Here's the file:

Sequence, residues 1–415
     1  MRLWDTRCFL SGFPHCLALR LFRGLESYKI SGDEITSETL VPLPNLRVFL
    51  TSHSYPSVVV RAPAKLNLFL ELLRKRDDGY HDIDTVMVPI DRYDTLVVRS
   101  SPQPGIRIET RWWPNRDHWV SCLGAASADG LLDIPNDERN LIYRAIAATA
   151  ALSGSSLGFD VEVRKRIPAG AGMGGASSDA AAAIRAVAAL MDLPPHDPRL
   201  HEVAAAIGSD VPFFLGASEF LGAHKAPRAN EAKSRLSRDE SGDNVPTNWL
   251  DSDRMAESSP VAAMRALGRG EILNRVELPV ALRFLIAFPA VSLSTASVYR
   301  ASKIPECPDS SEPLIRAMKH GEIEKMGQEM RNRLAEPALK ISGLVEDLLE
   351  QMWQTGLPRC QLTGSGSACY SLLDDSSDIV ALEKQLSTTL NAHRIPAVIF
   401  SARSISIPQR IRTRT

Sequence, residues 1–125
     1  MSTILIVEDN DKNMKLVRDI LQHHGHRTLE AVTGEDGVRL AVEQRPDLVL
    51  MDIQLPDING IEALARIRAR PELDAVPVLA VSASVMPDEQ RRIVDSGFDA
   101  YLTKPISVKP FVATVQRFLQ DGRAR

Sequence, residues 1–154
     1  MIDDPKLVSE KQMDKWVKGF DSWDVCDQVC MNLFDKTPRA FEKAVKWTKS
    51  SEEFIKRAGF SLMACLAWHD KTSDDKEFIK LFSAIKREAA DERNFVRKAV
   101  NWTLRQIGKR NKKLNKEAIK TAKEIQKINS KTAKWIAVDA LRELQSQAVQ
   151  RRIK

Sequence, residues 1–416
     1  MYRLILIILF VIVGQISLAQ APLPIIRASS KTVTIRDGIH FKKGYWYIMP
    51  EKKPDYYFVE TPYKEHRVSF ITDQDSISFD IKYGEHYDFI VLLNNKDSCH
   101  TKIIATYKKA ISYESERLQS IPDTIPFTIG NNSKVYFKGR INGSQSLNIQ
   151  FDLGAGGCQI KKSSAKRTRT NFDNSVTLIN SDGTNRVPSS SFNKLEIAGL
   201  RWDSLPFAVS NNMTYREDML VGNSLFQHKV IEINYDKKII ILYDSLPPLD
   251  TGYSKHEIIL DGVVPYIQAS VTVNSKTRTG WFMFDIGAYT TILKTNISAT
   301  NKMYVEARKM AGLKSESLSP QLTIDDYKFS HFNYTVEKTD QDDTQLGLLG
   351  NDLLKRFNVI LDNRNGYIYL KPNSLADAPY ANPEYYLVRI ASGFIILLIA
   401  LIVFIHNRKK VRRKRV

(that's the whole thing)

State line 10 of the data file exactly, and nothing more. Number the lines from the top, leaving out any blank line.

   401  SARSISIPQR IRTRT